1 comment April 17th, 2010 Headsman

Thirteenth century England was a dicey place for theological heterodoxy.

On this date in 1222, Archbishop of Canterbury Stephen Langton held at Oxford a provincial council that ordered for immediate execution

an apostate deacon, who for the love of a Jewess had circumcised himself. When he had been degraded he was burnt by the servants of the lord Fawkes.

The story of this nameless and foreskinless deacon — and the link includes several congruent descriptions from primary sources — is sometimes conflated with that of Robert of Reading, another Christian divine who converted in the late 13th century.

Robert’s fate — or Haggai’s, to use the new name he took — seems to be officially unknown, and might have unfolded overseas: Edward I expelled Jews from England in 1290. Nevertheless, the mixed Robert-anonymous deacon story was commemorated with a plaque at Osney Abbey.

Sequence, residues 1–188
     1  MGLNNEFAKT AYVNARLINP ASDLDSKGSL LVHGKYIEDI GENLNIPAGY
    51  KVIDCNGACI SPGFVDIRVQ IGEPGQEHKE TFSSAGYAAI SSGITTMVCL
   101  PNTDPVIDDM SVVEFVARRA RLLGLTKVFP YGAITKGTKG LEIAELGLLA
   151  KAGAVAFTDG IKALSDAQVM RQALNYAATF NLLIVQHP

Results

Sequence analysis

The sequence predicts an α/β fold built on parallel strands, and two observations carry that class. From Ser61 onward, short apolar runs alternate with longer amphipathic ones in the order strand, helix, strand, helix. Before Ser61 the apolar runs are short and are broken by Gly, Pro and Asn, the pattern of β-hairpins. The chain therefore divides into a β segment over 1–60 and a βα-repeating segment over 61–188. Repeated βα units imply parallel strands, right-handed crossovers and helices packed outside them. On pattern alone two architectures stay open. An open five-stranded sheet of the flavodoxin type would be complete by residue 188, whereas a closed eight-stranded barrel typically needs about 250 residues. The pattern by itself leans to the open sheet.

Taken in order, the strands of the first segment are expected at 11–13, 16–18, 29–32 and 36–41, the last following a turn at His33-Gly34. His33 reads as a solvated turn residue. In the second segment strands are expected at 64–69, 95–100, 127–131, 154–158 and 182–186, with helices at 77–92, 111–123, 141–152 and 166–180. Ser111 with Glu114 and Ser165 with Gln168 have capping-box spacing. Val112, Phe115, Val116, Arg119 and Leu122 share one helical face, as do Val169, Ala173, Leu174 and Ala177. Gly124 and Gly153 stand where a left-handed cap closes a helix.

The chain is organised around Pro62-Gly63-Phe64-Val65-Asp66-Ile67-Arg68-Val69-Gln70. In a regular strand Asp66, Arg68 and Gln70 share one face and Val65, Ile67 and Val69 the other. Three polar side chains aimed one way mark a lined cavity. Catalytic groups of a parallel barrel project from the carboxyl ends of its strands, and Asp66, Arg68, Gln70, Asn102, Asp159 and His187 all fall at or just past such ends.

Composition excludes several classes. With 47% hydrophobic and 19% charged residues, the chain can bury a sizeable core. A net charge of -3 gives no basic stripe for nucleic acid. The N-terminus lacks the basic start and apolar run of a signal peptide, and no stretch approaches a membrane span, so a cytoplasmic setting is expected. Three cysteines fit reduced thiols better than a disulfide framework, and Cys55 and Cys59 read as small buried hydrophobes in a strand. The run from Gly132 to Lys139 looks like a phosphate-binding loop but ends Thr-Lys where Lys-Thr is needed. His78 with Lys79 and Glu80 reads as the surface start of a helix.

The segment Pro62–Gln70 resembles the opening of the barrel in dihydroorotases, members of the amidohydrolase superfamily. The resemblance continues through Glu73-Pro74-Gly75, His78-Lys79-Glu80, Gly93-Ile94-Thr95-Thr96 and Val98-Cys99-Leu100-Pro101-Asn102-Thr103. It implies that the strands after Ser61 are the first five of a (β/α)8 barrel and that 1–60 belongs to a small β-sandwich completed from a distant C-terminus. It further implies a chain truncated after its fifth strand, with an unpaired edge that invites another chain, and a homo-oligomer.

Whomever this date’s deacon really was, he wasn’t the only one for whom this council ordained a dreadful end for having the wrong idea about the Almighty.

And there was brought thither into the council an unbelieving youth along with two women, whom the archdeacon of the district accused of the most criminal unbelief, namely that the youth would not enter a church nor be present at the blessed sacraments, nor obey the injunctions of the Catholic Father, but had suffered himself to be crucified, and still bearing in his body the marks of the wounds had been pleased to have himself called Jesus by the aforesaid women. And one of the women, an old woman, was accused of having long been given to incantations and having by her magic arts brought the aforesaid youth to this height of madness. So both being convicted of this gross crime, were condemned to be imprisoned between two walls until they died. But the other woman, who was the youth’s sister, was let go free, for she had revealed the impious deed.